In Writ Petition (Civil) No. 967 of 2017, the petitioner has challenged the constitutional validity of Section 33(7) of the Representation of the People Act 1951. The petitioner has also sought a direction to the Central government and the Election Commission of India to take steps to restrict any person from contesting an election for the same office from more than one constituency simultaneously. During the hearing, the issue was raised under Article 19 of the Constitution, and the senior counsel for the petitioner argued that citizens exercise their right to vote after knowing about a candidate’s character, qualifications, and criminal antecedents. It has been submitted that when a candidate contests from two seats and is elected from both, one of the two seats has to be vacated, which deprives the electorate of its right to be represented by that candidate. Section 33(7) of the Act of 1951 prohibits a person from being nominated as a candidate for election from more than two constituencies for certain types of elections.

“Permitting a candidate to contest from more than one seat in a
Parliamentary election or at an election to the State Legislative Assembly is a
matter of legislative policy. It is a matter pertaining to legislative policy
WPC 967/2017.

since, ultimately, Parliament determines whether political democracy in the
country is furthered by granting a choice such as is made available by
Section 33(7) of the Act of 1951. A candidate who contests from more than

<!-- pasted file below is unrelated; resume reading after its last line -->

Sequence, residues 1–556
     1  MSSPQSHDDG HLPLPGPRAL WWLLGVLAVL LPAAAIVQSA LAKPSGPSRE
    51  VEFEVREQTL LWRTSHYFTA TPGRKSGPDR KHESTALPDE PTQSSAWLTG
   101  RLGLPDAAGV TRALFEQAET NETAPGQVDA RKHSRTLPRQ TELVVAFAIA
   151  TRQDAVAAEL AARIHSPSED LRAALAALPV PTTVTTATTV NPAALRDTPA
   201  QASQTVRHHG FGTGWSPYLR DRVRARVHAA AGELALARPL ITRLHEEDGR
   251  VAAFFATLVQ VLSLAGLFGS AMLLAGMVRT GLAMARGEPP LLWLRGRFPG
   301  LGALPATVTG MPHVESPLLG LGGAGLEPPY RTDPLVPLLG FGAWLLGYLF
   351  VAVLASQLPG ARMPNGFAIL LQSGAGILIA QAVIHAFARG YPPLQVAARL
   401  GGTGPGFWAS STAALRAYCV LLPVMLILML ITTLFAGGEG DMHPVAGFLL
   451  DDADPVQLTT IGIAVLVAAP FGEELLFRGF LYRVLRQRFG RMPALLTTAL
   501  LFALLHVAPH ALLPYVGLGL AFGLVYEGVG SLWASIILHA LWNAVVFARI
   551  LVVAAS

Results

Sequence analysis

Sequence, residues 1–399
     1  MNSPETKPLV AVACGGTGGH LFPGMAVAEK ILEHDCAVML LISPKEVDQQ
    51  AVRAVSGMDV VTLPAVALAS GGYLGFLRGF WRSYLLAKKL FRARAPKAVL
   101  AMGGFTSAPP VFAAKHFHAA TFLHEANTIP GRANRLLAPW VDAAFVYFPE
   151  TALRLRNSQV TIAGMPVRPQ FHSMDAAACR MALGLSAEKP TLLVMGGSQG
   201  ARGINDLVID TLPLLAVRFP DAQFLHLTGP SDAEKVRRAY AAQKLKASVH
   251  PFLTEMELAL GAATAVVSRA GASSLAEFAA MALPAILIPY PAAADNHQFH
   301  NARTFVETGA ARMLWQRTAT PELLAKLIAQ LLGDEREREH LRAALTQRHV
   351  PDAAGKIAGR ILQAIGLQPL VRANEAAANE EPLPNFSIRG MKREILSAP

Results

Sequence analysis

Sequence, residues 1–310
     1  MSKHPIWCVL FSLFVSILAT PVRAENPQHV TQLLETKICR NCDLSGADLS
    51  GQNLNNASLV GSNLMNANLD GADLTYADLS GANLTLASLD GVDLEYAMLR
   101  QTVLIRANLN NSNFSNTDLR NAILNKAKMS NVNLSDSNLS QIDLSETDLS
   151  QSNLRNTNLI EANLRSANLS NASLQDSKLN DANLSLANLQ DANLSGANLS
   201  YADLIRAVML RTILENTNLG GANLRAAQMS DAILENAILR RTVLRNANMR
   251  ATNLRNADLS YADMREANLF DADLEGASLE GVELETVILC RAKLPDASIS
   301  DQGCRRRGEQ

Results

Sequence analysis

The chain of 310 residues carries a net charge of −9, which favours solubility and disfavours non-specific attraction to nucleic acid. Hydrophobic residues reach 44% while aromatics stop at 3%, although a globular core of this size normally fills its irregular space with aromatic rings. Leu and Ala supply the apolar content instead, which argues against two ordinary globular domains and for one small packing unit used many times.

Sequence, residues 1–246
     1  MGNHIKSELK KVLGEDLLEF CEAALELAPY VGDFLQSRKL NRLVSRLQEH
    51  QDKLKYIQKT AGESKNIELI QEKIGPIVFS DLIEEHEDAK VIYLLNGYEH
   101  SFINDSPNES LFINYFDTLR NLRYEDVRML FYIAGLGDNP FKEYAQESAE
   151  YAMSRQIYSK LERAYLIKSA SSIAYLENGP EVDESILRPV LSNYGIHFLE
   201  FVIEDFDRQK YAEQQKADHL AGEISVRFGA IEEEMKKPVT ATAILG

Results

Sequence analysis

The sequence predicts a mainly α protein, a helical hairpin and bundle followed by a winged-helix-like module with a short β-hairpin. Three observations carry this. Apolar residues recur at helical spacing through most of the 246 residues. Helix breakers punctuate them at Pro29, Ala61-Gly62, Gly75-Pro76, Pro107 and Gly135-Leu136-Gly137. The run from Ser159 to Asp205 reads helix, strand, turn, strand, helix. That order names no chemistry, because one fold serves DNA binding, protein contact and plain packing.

one seat may do so for a variety of reasons not just bearing on the
uncertainty which the candidate perceives of an election result. There are
other considerations which weigh in the balance in determining whether this
would restrict the course of electoral democracy in the country. This is a
matter where Parliament is legitimately entitled to make legislative choices
and enact or amend legislation. The Law Commission and the Election
Commission may at the material time have expressed certain viewpoints.
Whether they should be converted into a mandate of the law depends on the
exercise of Parliamentary sovereignty in enacting legislation. Absent any
manifest arbitrariness of the provision so as to implicate the provisions of
Article 14 or a violation of Article 19, it would not be possible for this Court to
strike down the provision as unconstitutional.”

Ashwini Kumar Upadhyay Petitioner
Versus
Union of India and Another Respondents
on Feb 2, 23.

By aor.sanjivnarang@gmail.com

Sanjiv Narang Adv. is an Advocate on Record in the Supreme Court of India. His qualifications include an LLB from University of Delhi and a Masters degree in Personnel Management from Panjab University,Chandigarh.In his more than 3 decades of experience, he has practiced law at the District, High Court and Supreme Court levels.He also has more than a decade of experience in the field of Management. He is the author of two books namely Laws for Women in India and Innovation, Why What and How.